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Covid-19 Crisis: Largest Class Action Claim to Proceed Remotely

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The ongoing coronavirus Covid-19 crisis continues to impact on UK civil litigation hearings with a recent High Court decision meaning that the largest ever class action claim can proceed remotely. Whilst such remote hearings may be seen as a means to an end during the current lockdown conditions, once such hearings become the ‘new normal’, the impact on how civil litigation claims are conducted is likely to be huge.

The defendants in the claim in question, Municipio De Mariana & Ors v BHP Group Plc relating to the collapse of the Fundao dam in Brazil, had originally applied to stay proceedings until autumn 2020, a change of 3 months from the original hearing date set for June. The proceedings are widely thought to be the largest class action ever brought in an English court and involve around 202,000 claimants together with 520 private businesses. Compensation and damages are being sought for a wide variety of losses, from loss of individual earnings through to the wider and log-term effects on the entire area’s communities and heritage. Brazilian law is set to determine not just liability but causation and redress for what are described as patrimonial and moral damages.

Whilst agreeing to delay the hearing by 6 weeks, Judge Eyre QC was clear that should the current lockdown restrictions still apply, then the hearing will go ahead remotely. He added:

A delay of a further period of three to four months is undesirable and is to be avoided if possible…this is particularly because as just explained there is no guarantee that an in person hearing will be possible in the autumn (nor that it will inevitably be impossible in July).”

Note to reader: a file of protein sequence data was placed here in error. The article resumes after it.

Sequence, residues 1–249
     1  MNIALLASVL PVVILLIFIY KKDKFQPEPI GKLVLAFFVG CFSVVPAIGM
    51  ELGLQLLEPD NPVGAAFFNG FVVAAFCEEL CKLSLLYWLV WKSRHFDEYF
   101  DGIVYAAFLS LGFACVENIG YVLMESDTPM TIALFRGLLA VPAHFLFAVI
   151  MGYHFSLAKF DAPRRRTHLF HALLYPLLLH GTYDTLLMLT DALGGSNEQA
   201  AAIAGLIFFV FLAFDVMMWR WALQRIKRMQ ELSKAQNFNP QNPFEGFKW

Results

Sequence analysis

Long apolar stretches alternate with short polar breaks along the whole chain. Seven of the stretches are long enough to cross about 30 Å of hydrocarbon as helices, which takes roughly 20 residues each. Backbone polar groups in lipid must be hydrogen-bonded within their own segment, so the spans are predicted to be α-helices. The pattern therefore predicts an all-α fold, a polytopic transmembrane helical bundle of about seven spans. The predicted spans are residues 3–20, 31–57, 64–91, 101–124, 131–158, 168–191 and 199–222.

The defendants had initially requested a 7 week extension (since reduced to 5 or 6 weeks) for serving their reply evidence, saying the effects of the Coronavirus pandemic and its subsequent impact on movement would double the time needed to prepare the documents. They added that travel restrictions between the UK and Brazil had come into force just as they were about to collect evidence, and that remote working took much longer than traditional ways. Difficulties with working remotely were particularly acute in this case because of the volume of documents to be considered and the need for interpreters. They sought a relisting to July or preferably the autumn, as this gave the greatest chance of holding an in-person hearing. The claimants accepted that a modest extension was reasonable but not at the expense of the June hearing, arguing that a remote hearing of the jurisdiction challenge was perfectly feasible.

Judge Eyre granted the requested extension of time for service of reply evidence, saying it would not be practicable for this to be prepared next month. He said the court must be conscious of the problems of remote working, especially if lawyers have caring responsibilities or varying qualities of internet connection.

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